LOS ANGELES – China's Vice President Xi Jinping declared his U.S. visit a "full success" Friday as he wrapped up a five-day tour that has offered rare insights into his personality and past, but few indications of how they might affect bilateral ties after he takes over as China's top leader in the fall.
In the last of several clear attempts to improve the dour public image of Communist Party leaders, Xi attended part of a Los Angeles Lakers basketball game before heading on to Europe late Friday night.
Earlier in the day, Xi told students at a Los Angeles high school that he liked to watch baseball and American football as well as the NBA, and said of his work-life balance, "To quote an American film, it's like 'Mission Impossible.'"
"I can now say my visit to the United States has been a full success," he told the students after watching some of them perform a traditional Chinese dragon dance.
Vice President Joe Biden, who joined Xi for the Los Angeles leg of his visit, complimented him on his efforts to reach out to the American people, and stressed the importance of personal ties in the relationship between the world's two largest economies over the next decade.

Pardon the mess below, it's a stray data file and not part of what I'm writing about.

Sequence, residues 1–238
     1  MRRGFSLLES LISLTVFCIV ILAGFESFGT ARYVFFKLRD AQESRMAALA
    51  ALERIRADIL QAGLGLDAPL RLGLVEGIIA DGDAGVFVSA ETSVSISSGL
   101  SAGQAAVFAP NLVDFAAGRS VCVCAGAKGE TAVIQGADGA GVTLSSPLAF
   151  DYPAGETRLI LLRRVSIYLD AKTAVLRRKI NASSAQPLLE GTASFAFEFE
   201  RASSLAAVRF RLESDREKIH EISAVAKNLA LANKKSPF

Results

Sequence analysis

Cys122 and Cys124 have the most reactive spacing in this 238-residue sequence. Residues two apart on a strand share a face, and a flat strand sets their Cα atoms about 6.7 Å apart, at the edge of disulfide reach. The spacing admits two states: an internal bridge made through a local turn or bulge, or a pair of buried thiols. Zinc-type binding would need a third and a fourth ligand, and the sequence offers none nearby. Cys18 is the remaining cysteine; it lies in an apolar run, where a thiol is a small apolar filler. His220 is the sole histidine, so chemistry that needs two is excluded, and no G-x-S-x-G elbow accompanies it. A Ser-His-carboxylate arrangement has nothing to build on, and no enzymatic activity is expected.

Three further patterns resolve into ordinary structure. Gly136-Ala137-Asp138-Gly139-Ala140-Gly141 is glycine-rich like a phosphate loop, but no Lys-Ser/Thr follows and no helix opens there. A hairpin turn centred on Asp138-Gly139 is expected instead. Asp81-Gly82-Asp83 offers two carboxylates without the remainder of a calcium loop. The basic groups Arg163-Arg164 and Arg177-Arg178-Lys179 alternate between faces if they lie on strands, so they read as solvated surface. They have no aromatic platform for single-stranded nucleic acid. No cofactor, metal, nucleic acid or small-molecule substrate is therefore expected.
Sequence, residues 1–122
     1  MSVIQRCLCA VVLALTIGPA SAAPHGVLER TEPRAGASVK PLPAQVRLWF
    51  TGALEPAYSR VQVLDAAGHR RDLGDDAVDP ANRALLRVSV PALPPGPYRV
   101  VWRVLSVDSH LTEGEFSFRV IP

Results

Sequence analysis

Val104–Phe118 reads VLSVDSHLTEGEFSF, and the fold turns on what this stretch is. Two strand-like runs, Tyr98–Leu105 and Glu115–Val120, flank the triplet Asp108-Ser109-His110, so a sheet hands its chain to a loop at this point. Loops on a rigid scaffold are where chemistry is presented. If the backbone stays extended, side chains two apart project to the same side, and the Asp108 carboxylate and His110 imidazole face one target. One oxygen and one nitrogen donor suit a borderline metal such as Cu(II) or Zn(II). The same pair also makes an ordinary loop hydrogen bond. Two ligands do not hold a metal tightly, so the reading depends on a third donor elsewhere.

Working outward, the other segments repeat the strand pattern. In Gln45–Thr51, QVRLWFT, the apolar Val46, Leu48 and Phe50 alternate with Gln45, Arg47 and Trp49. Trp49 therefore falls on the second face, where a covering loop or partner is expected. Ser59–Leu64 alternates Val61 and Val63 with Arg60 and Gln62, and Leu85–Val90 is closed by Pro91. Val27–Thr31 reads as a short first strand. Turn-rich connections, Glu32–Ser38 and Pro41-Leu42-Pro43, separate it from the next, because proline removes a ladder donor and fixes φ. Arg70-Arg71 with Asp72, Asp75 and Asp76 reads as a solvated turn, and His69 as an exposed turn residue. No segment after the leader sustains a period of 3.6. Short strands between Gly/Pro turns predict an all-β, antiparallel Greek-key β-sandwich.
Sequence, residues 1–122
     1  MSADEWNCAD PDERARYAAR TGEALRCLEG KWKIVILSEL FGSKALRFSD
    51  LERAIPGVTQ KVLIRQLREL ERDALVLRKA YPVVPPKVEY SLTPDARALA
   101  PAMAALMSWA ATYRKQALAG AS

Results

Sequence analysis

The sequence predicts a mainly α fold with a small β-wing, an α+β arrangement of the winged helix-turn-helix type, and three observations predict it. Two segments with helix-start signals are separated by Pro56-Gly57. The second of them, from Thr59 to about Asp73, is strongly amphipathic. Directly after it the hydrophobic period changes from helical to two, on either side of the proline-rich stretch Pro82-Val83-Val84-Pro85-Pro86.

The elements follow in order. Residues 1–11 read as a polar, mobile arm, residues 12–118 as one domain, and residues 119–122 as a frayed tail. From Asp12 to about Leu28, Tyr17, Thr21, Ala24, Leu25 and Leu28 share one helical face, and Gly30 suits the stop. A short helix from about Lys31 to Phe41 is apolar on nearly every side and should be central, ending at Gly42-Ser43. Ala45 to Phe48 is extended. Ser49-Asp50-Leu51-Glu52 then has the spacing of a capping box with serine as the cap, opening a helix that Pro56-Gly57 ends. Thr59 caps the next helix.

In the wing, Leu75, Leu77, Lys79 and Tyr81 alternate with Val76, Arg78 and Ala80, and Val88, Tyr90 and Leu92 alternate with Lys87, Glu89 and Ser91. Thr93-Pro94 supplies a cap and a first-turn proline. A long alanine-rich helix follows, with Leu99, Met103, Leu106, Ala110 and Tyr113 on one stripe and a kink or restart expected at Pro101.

"He is, like me, trying to understand the other man's position. You can't ask for much more than that," Biden said at the high school.
Xi's relative candor and self-assured demeanor have come as a stark contrast with the man he is expected to succeed, current President Hu Jintao, who has often seemed awkward in public and struggled to strike a personal rapport with foreign or domestic audiences.
Biden did announce late Friday that China and the U.S. had reached a deal that would "significantly increase" market access for U.S. films in the China market. While details were sketchy, his office said the deal would allow for more exports to China of 3D, IMAX, and other "enhanced format movies on favorable commercial terms."
Biden's office also said the deal "strengthens the opportunities to distribute films through private enterprises rather than the state film monopoly, and ensures fairer compensation levels for U.S. films distributed by Chinese state-owned enterprises."